• studying a mixture of printed and online material – online learning resources may include websites, audio/video media clips, and interactive activities such as online quizzes
  • working in a group with other students
  • using and producing diagrams or screenshots
  • finding external/third party material online

For more detailed information, see the Accessibility Statements on individual module descriptions. If you feel you may need additional support with any of the elements above, visit our Disability support website to find more about what we offer. Please contact us as soon as possible to discuss your individual requirements, so we can put arrangements in place before you start.


Learning outcomes, teaching and assessment

This qualification develops your learning in four main areas:
  • Knowledge and understanding
  • Cognitive skills
  • Practical and professional skills
  • Key skills

The level and depth of your learning gradually increases as you work through the qualification. You’ll be supported throughout by the OU’s unique style of teaching and assessment – which includes a personal tutor to guide and comment on your work; top quality course texts; e-learning resources like podcasts, interactive media and online materials; tutorial groups and community forums.

Read the detailed learning outcomes here

Credit transfer

If you’ve already completed some study at another university, you may be able to count it towards your Open University qualification – reducing the number of modules you need to study.

You should apply for credit transfer before you register, at least 4 weeks before the registration closing date. Just tell us what you studied, where and when, and we’ll compare this against the learning outcomes for your chosen course.

For more details and an application form, visit our Credit Transfer website.


On completion

On completion of this undergraduate course, we'll award you the Diploma of Higher Education in Law.

Regulations

As a student of The Open University, you should be aware of the content of the qualification-specific regulations below and the academic regulations that are available on our Student Policies and Regulations website.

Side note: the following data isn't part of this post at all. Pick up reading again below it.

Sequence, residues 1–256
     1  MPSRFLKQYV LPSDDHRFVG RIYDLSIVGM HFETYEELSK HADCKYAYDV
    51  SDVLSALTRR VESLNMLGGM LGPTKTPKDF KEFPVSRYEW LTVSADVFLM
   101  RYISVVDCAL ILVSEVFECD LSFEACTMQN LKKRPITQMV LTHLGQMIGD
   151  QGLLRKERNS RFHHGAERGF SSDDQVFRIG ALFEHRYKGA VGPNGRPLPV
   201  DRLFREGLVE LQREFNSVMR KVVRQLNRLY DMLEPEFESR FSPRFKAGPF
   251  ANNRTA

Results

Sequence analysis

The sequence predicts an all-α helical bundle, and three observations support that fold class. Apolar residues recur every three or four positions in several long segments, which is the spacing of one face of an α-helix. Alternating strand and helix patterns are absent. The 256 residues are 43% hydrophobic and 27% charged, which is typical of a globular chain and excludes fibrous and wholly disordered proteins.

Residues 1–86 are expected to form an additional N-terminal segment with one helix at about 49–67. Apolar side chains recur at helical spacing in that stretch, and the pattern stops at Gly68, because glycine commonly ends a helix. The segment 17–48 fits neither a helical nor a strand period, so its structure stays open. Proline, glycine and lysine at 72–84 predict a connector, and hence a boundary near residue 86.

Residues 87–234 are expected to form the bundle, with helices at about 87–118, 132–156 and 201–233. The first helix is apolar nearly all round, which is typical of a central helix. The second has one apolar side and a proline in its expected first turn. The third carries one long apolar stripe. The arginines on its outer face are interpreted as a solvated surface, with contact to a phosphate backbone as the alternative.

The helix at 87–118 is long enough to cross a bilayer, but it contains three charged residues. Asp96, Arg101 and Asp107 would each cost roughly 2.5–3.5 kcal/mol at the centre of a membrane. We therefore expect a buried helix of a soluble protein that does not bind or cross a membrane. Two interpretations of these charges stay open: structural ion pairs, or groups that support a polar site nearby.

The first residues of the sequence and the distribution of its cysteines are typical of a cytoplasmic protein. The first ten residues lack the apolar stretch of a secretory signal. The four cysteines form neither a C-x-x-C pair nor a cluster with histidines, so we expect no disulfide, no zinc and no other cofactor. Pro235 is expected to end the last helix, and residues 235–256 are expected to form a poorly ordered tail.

Entry requirements

There are no formal entry requirements for this qualification.

At The Open University we believe education should be open to all, so we provide a high-quality university education to anyone who wishes to realise their ambitions and fulfil their potential.

Please note that whilst it is possible to study both Stage 1 modules at the same time, students who complete An introduction to law (W101) before Law: concepts and perspectives (W102) acquire the legal knowledge, understanding of legal terminology and legal study skills needed for successful study of W102.  If you choose to study the modules together, you may therefore find studying W102 to be more challenging initially. Studying the two modules together is the equivalent of full-time study and you'll need to be able to study for up to 35 hours each week. Also there may be some occasions when the face-to-face tutorials on the two modules conflict by being on the same date.

Even though there are no entry requirements, there are some skills that you'll need to succeed. If you're not quite ready for OU study we can guide you to resources that prepare you, many of which are free.

Answer a few quick questions to check whether you're ready for study success

How much time do I need?

  • Most of our students study part time, completing 60 credits a year.
  • This will usually mean studying for 16–18 hours a week.
Find out if you have enough time to study with our time planner

Counting previous study

You could save time and money by reducing the number of modules you need to study towards this qualification if you have:

  • already studied at university level (even if you didn't finish your studies)
  • other professional or vocational qualifications such as HNCs and HNDs.

Find out more about credit transfer

Preparing for study with an Access module

If your study skills are a bit rusty or you want to try out Open University study before committing yourself, don’t worry! The OU offers Access modules designed to introduce the subject area, build your confidence and prepare you for further study, and you may be eligible to study an Access module for free! You'll get:

  • a personal tutor providing regular feedback with one to one telephone tutorials
  • support from a dedicated team throughout your study
  • detailed written feedback.